Tuesday, January 22, 2008

Report from Turkey Releases Data from 2004-2006


From Today's Zaman: Turkish authorities intercepted some 246 victims of human trafficking in 2006, an overwhelming majority of whom came from former Soviet Union countries, official data announced yesterday revealed.

One hundred ninety-one of the victims have been safely sent back to their home countries. The data, announced in a 55-page report prepared jointly by officials from the Interior Ministry, the Justice Ministry, the police department and the International Organization for Migration (IOM), show that the number of people falling victim to human trafficking has remained steady in past years: In 2004, authorities identified 239 victims and in 2005, the number stood at 256.

According to the report, Moldova, Russia, and Ukraine top the countries of origin for victims of human trafficking in Turkey. Turkey has in the past been more of an origin country itself, but in the recent past has grown as a destination country as its economy gets stronger. Of course the most frequent place these victims were found was in Antalya, a very popular Turkish Mediterranean resort destination for Eastern Europeans. I can't tell you how many advertisements I see around Ukraine for tourism to Turkey, with the most popular site being Antalya. Not that those are necessarily connected, but to some extent, they are.

The last two paragraphs of the article really shocked me:

A significant instrument in the rescue of human trafficking victims is a hotline launched in 2005. According to the report, some 56 people were rescued by security forces after victims themselves or others dialed 157 for help. As in previous years, the clients of women forced to prostitution themselves proved to be the most helpful: Clients of friends/relatives of the women made 81 percent of the calls to 157, while only 19 percent of the calls were made by the victims themselves.

All of the victims repatriated to their countries by IOM were women, the report also revealed, and 40 percent of them had one or more children. The report also showed an increase in the number of people detained for human trafficking in 2006 compared to earlier years. Some 422 people were detained in 2006, 379 in 2005 and 277 in 2004. A total of 156 people were arrested after being brought to court, while 127 were released pending trial in 2006.

A couple things did not necessarily strike me as out of the ordinary:
1) The success of the hotline. It also has been a very useful counter-trafficking instrument here in Ukraine as well, although the national hotline also gets an excessive amount of phone calls with questions regarding migration.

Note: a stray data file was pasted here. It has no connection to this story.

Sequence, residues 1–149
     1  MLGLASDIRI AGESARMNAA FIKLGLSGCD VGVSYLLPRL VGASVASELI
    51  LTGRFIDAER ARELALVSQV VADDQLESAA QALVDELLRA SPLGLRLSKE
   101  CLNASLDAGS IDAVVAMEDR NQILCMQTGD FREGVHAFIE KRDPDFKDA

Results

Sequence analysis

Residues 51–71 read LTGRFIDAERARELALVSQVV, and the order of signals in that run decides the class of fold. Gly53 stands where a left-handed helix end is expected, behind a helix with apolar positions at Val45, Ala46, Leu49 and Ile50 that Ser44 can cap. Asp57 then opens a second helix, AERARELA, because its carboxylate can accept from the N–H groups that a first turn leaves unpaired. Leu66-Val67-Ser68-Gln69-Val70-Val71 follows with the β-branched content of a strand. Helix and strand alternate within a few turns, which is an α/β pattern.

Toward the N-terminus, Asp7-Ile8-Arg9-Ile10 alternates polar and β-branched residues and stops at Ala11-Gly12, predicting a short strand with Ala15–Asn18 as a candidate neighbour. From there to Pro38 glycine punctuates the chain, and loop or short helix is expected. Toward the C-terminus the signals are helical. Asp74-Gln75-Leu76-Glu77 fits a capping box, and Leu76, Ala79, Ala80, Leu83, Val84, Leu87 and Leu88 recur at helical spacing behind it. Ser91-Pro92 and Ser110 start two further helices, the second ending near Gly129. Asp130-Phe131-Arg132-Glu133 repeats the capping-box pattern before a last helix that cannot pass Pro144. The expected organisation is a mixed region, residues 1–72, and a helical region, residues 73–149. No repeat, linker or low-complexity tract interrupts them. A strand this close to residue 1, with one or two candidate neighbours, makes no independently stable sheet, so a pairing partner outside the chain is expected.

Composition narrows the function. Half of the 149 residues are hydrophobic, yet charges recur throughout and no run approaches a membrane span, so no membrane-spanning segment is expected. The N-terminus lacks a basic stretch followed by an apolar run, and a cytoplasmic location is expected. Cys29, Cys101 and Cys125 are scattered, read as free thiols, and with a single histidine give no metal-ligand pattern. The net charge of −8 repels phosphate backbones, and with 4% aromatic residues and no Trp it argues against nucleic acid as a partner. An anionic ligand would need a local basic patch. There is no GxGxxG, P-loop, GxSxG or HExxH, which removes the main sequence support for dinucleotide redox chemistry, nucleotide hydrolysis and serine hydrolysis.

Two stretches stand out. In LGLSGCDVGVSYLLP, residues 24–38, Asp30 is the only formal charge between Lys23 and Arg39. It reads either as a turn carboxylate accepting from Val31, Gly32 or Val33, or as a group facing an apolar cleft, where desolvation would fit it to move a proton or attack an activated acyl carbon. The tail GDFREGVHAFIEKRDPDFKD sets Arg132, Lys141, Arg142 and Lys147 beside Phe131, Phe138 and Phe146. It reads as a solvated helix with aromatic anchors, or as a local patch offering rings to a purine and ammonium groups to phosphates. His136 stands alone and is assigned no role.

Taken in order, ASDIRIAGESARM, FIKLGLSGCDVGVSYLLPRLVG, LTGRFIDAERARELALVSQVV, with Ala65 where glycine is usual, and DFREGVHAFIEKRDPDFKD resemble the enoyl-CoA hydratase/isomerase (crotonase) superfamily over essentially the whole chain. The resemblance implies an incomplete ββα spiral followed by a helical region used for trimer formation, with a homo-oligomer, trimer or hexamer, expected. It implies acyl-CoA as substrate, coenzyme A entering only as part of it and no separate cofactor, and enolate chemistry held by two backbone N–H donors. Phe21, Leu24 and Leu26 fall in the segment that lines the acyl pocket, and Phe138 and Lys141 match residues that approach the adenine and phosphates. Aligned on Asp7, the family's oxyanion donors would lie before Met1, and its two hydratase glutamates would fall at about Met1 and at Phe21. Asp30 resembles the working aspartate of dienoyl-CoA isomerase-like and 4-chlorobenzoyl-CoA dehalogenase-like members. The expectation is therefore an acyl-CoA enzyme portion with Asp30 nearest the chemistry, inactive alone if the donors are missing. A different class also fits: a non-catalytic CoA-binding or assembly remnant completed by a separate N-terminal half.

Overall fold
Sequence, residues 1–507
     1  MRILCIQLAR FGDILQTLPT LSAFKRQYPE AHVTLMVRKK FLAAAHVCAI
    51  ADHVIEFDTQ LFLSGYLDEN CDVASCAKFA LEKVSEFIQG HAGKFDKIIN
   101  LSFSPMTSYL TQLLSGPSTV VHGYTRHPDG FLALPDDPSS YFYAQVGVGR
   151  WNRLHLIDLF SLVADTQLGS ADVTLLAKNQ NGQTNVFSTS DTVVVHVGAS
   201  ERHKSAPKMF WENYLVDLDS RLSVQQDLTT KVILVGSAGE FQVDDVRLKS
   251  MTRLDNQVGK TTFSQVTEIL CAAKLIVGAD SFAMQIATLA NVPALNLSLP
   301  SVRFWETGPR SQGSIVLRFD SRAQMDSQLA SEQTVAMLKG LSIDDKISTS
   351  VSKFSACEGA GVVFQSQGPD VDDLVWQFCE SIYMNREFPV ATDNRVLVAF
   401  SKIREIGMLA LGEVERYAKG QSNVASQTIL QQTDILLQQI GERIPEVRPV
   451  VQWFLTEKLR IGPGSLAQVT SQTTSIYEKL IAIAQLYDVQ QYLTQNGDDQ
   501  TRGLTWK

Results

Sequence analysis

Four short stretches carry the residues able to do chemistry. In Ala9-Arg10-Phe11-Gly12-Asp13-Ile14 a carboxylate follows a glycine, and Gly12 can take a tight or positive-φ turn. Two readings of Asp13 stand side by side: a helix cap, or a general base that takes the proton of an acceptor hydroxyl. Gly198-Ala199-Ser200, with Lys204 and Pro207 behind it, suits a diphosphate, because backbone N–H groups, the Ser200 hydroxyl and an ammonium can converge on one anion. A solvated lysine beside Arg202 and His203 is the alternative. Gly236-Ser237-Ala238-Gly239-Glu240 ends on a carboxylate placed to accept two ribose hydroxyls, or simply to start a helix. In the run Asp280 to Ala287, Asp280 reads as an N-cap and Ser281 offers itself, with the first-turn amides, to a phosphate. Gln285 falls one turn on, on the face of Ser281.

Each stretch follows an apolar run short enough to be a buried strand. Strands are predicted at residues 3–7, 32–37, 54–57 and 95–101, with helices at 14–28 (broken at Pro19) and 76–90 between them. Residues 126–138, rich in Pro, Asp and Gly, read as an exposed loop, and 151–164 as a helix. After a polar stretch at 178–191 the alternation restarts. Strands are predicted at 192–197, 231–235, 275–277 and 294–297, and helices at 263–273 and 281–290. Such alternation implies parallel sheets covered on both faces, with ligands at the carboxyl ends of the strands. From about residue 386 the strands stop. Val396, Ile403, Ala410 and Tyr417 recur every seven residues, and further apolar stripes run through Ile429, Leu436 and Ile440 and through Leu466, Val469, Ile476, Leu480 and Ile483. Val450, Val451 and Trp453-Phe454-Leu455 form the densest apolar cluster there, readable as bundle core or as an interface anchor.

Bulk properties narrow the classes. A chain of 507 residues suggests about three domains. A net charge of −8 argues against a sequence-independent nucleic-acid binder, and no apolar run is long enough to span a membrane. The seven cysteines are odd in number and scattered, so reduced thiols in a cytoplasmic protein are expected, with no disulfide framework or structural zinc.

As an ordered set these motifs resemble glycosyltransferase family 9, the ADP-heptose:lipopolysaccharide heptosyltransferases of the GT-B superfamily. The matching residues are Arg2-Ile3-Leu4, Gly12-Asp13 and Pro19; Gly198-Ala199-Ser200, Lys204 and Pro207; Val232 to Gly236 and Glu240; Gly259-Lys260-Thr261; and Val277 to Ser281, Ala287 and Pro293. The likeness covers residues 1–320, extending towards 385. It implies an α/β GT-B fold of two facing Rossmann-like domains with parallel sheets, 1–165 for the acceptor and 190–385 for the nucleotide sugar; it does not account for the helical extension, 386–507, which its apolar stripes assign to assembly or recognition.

2)Women victims often have children. So do male victims of labor trafficking.

However what did surprise me was the amount of victims who called in themselves for help as well as the fact that clients were willing to step out and report what was happening. Its good to hear more people are being detained under the law. I'm hoping and assuming they're detaining more traffickers and pimps as opposed to victims. I'll have to go through the whole report.


  1. Anonymous12:24 AM

    Yes, this is understandable that victims of trafficking do not call hotlines since it is almost impossible to make a call from the location these women stay at and also bc of threats made to them. I know my friend working at a hotline in Germany to help victims of trafficking from Ukraine during FIFA European World Cup in 2006 and they had almost any victim calling that line, just clients. There was one woman who agreed to speak up in a court, but she finally changed her mind - the most possible bc of threats made to her, like killing her family members. This is powerful means to control victims of trafficking, heir families.

  2. Anonymous3:55 AM

    i think i contacted a trafficker by accident/..i have no proof but a feeling..he was very pushy about me coming to turkey, it was on a dating internet site..he proposed i come there after meeting me online with one conversation..when i tried to leave online he begged me to stay on..i am alone he said i am single..he was handsome and said they did not want turkish woman...when i said i would not because of the sex trafficking he would not speak with me but now still tries to contact but would not tell me a thing about himself..

  3. Anonymous3:02 AM

    hi, how old is this guy? which part of turkey does he said he comes from? what did he say about his profession? I think i encountered somebody like that too.

  4. Anonymous10:20 AM

    Does anyone know of any tourist kidnappings of young women for human trafficking? It is not mentioned in the US State Department warnings. I have a daughter interested in visiting a boyfriend and his family in Istanbul and I haven't consented to let her go.

  5. Anonymous12:29 PM

    Dont let her, Im back from Gumbet after saving a girl from a life of sex slavery.It was centered around Ali's bar in Gumbet and the boss man said he was called "Sean" and his waiters actively groomed young white girls fpr him. Stay well clear of Turkey if you are going alone, white and 18-25.